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You are here: Home Archives 2016/2 Library and information at home and abroad The Right to be Forgotten on the Internet

The Right to be Forgotten on the Internet

Summary: The study The Right to be Forgotten on the Internet is based on the diploma thesis of the same title by the author and applies to the application of the right to be forgotten on the Internet. The right to be forgotten is inferred from the judgment of the European Court of Justice on 13 May 2014 in the case Costeja versus Google Spain, where an Internet user named Mario Costeja Gonzáles first succeeded with a request of removal of unflattering information about himself from results of the search engine Google. Thus an important precedent has been created that will have a big impact on seeking information on the Internet in the future, as since the pronouncement of the judgment any European Internet user can demand the removal of his personal data. The study aims to analyze the issue of the right to be forgotten in the context of searching for information on the Internet in the European Internet environment – it means not to be searched on the default search query by the web browser. This is intended to protect the personality of Internet users and their reputation.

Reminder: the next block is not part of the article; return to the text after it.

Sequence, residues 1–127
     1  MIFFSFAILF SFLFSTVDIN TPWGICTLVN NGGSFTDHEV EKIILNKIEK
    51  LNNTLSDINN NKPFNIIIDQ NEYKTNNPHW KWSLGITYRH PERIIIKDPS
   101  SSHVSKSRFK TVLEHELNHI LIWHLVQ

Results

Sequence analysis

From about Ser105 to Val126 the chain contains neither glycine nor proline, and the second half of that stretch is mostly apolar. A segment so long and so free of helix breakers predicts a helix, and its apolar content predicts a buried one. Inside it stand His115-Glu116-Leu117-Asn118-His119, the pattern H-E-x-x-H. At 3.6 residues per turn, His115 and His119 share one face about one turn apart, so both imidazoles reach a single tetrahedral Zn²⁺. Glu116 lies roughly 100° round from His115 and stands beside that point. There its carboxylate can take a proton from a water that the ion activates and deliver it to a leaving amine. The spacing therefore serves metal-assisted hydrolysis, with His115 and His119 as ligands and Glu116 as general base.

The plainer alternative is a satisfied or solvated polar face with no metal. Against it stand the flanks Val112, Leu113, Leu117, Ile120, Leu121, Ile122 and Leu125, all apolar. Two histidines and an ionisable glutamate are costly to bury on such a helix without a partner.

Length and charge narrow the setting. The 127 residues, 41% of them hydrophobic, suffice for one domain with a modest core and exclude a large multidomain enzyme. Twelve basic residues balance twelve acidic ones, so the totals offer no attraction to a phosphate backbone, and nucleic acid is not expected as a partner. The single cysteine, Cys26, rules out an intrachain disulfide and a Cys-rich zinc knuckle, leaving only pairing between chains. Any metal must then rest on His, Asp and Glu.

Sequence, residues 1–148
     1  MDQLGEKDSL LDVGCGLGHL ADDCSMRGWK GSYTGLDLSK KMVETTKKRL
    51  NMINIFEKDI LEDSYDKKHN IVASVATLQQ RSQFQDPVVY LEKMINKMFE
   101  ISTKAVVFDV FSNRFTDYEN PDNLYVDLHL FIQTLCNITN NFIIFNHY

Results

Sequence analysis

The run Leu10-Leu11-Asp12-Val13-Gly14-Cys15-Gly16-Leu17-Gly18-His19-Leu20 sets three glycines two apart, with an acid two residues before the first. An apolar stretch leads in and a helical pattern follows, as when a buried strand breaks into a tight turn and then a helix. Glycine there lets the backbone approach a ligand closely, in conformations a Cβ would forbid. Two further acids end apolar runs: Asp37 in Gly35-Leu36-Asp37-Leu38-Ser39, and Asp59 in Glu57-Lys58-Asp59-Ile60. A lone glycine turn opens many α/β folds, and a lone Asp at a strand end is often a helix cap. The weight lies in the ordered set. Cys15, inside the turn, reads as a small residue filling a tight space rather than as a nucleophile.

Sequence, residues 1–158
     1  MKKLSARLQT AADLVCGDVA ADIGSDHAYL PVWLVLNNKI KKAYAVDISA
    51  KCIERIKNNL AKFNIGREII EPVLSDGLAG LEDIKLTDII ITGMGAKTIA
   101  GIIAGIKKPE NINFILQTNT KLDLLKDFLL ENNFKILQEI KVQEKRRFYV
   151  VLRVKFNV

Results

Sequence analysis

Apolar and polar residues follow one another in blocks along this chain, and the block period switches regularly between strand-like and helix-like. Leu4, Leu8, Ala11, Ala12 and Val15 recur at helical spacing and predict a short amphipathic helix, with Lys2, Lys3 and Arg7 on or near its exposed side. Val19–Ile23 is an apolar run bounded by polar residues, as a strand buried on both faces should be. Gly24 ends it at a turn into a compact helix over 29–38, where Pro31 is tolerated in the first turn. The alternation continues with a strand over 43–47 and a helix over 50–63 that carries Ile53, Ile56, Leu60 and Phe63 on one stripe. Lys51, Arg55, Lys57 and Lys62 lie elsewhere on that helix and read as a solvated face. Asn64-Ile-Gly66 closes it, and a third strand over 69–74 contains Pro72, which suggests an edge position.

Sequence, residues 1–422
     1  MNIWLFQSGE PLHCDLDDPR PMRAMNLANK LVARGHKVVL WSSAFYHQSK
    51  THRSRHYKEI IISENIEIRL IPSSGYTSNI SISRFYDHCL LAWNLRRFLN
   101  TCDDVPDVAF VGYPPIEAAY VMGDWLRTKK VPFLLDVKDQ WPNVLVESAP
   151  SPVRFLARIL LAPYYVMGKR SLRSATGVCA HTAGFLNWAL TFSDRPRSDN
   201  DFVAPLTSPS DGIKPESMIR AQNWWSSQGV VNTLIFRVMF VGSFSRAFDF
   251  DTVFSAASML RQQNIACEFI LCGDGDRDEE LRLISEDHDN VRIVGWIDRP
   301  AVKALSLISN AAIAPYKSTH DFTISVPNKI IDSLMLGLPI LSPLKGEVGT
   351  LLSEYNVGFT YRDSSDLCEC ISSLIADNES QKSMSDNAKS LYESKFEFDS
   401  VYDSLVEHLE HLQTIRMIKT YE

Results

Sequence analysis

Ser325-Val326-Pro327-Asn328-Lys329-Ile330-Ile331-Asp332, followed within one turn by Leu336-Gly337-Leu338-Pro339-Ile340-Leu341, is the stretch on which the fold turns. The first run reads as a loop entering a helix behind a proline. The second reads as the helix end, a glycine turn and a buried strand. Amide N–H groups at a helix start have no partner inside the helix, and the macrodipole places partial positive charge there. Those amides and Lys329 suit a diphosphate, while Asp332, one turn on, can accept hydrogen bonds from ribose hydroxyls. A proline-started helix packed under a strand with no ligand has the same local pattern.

Keywords: right to be forgotten, Google, internet search engines, personal data protection, the right to information, freedom of expression, access to information

Mgr. Jana Jůzová / Institute of Information Studies and Librarianship, Faculty of Arts, Charles University in Prague, U Kříže 8, 158 00 Praha 5 – Jinonice, Czech republic

Nov 09, 2017

Predatory journals in Scopus

Conference on Grey Literature and Repositories October 19, National Library of Technology in Prague, Czechia

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